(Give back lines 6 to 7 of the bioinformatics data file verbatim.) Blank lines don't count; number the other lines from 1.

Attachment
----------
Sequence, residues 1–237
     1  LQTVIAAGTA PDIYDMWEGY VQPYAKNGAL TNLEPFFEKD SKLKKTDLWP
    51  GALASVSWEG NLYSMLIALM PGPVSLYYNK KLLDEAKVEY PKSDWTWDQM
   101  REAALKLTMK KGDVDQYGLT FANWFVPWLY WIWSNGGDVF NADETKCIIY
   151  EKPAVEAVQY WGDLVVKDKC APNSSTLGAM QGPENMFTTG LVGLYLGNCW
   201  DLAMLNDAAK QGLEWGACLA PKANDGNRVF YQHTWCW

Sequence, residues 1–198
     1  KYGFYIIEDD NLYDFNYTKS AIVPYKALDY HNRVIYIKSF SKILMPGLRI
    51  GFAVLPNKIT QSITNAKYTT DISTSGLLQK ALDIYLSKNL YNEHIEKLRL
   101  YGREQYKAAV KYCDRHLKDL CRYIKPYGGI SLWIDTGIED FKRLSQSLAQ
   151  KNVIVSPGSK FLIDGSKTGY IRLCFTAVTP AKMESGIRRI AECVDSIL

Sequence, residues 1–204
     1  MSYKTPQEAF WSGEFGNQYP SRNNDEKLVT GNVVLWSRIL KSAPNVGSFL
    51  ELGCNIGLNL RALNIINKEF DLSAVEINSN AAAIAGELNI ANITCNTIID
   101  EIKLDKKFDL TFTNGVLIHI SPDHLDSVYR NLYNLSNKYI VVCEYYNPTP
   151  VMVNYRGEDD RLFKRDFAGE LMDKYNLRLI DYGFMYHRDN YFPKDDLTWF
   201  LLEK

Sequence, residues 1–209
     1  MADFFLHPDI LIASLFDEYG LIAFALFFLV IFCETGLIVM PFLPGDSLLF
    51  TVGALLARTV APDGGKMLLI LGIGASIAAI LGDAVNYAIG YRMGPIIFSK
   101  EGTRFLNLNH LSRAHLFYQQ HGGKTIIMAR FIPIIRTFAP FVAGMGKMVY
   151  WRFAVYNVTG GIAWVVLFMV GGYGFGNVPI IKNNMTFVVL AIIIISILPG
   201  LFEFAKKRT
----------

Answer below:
   201  DLAMLNDAAK QGLEWGACLA PKANDGNRVF YQHTWCW

Sequence, residues 1–198